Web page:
No, 2020 is not over yet. While a lot of us may wish that was the case for one reason or another, we still have to stick it out for another couple of months. But that’s not necessarily a bad thing. If this year has upended your retirement plan, you still have some time left to course-correct. Here are three moves you should make before 2020 is over if they make sense for you.

1. Contribute to your retirement accounts

Millions of Americans lost their jobs, at least temporarily, this year, and that can throw off your retirement contributions. If things are a little more stable for you now, consider bumping up your retirement contributions to make up for your missed contributions earlier in the year.

Smiling man using laptop at home

Image source: Getty Images.

There are a few things you’ll need to keep in mind, though. First, you’re only allowed to contribute up to $19,500 to a 401(k) in 2020, or $26,000 if you’re 50 or older. You may also contribute up to $6,000 to an IRA, or $7,000 if you’re 50 or older. Most people won’t max out their accounts, but if you typically contribute a lot to your retirement accounts, you don’t want to exceed this. Otherwise, the IRS could tax these funds twice.

You also can’t contribute more money than you earned during the year. Unemployment benefits don’t count as earned income according to the IRS. So if you only earned $15,000 at your job this year and you’ve spent the rest of the year on unemployment, the most you could contribute to all of your retirement accounts for the year would be $15,000, unless you return to work later on in the year.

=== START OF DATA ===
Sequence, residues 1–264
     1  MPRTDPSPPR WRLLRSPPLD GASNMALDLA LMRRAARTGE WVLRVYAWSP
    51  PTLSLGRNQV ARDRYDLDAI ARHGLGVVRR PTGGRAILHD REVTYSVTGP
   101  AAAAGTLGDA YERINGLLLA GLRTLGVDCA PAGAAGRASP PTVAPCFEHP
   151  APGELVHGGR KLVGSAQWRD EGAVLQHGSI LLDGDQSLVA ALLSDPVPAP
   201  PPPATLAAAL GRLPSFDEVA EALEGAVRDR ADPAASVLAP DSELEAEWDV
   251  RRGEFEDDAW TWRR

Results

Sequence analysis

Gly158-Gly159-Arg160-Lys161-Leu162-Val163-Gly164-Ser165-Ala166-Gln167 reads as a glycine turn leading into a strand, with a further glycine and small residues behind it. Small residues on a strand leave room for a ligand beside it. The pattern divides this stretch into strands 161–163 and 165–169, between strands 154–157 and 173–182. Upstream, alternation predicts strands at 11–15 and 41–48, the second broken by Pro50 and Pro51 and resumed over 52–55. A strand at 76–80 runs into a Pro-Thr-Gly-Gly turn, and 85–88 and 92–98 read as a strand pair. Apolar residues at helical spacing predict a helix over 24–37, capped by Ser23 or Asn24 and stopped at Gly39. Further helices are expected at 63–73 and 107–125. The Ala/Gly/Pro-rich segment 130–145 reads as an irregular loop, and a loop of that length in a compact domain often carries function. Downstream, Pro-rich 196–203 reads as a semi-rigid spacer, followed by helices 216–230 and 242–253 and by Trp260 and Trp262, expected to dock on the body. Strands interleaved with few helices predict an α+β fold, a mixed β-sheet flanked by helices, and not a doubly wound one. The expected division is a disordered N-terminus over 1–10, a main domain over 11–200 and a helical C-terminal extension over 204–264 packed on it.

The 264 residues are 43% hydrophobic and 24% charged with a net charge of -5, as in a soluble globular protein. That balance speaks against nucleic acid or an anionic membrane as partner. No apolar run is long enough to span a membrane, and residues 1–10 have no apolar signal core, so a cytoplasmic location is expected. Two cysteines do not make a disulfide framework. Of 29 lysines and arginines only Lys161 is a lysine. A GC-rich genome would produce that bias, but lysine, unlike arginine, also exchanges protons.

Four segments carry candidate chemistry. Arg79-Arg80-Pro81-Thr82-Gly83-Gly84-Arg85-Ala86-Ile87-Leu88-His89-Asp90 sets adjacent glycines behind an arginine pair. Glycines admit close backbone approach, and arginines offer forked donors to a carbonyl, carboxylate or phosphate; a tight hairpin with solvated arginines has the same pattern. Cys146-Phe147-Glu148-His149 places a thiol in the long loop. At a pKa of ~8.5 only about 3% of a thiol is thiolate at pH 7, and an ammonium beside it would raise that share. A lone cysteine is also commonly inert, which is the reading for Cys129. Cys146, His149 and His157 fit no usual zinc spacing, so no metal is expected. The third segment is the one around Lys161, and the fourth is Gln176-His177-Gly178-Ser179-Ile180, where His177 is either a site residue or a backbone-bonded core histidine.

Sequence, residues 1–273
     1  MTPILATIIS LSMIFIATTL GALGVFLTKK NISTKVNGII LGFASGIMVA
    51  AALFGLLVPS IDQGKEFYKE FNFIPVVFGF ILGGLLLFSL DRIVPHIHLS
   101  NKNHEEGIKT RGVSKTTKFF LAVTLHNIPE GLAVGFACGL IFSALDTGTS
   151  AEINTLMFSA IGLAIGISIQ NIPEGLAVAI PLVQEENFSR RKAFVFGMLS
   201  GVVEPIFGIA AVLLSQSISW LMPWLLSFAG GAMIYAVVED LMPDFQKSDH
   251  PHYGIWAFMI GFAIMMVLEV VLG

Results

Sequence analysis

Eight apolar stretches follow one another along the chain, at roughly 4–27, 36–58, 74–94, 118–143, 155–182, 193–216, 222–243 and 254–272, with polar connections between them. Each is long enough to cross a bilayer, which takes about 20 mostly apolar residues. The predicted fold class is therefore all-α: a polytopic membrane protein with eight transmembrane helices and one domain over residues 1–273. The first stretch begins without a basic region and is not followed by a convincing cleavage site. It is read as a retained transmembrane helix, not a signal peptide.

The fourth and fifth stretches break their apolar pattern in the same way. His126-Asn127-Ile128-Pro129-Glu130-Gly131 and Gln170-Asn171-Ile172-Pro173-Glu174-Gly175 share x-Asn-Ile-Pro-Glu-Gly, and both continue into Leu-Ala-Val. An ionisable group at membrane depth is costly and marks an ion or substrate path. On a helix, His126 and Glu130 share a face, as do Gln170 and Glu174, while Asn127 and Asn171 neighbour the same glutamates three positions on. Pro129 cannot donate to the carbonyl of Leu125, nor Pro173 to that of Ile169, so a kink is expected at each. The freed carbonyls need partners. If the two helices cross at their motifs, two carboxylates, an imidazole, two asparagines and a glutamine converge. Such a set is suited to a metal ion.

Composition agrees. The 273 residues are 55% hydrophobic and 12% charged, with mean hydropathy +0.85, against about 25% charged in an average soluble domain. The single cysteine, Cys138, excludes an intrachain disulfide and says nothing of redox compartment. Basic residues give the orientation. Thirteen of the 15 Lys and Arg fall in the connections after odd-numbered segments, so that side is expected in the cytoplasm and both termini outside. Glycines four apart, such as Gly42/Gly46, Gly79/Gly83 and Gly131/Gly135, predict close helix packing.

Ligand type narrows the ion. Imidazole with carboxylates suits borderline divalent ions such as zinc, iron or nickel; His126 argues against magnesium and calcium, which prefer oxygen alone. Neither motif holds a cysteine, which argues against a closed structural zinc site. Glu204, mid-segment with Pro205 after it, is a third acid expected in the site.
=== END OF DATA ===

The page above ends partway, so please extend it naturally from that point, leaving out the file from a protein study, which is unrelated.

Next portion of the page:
2. Do a Roth IRA conversion if it makes sense for you

Roth IRA conversions change your

BANGOR — The City Clerk’s office will be moving to the Cross Insurance Center Monday to Friday from 8 a.m.-4:30 p.m. starting Tuesday, Oct. 13. Regular City Clerk services such as business licenses, marriage licenses, birth certificates and voter registration will continue to be offered in-person during regular hours.

The City Clerk’s Cross Insurance Center location will stay open until 5:30 p.m. each day for early in-person voting. Early voting closes at 5 p.m. on Friday, Oct. 30. This will allow for the city to follow physical distancing guidelines while continuing to provide in-person City Clerk services.

“As a city we continue to prepare and take proactive steps for what we anticipate to be high voter turnout for this election,” said Bangor City Manager Cathy Conlow. “This move gives us more room for people to physically distance and stay safe while utilizing important City services like voter registration and early voting.”

With the City Clerk’s office moving to the larger space, the Treasury Department for the City will relocate back to City Hall, effective Tuesday, Oct. 13. Hours for the City’s Treasury Department will be Monday-Friday from 8 a.m. – 4:30 p.m. All Treasury Department services such as vehicle registrations, property tax payments, and sewer/stormwater payments will once again be offered in-person at City Hall.

Many of the in-person services are also offered on the City of Bangor website at www.bangormaine.gov.

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Boeing announced plans to shift its remaining 787 Dreamliner production from Washington State to South Carolina—wounding the nation’s largest aerospace union.

Boeing said it will make the mid-2021 move to “preserve liquidity” and “enhance efficiency and improve performance for the long-term,” in a statement.

Employee representatives say it’s all about cutting union jobs.

“It’s a very anti-union company,” said Bill Dugov, communications director for the Society of Professional Engineering Employees in Aerospace (SPEEA), which represents 11% of Boeing employees. “They’ve spent millions just battling our unions on organizing efforts. Their official stance from what they’ve told us is they’ll work with unions where they have to.”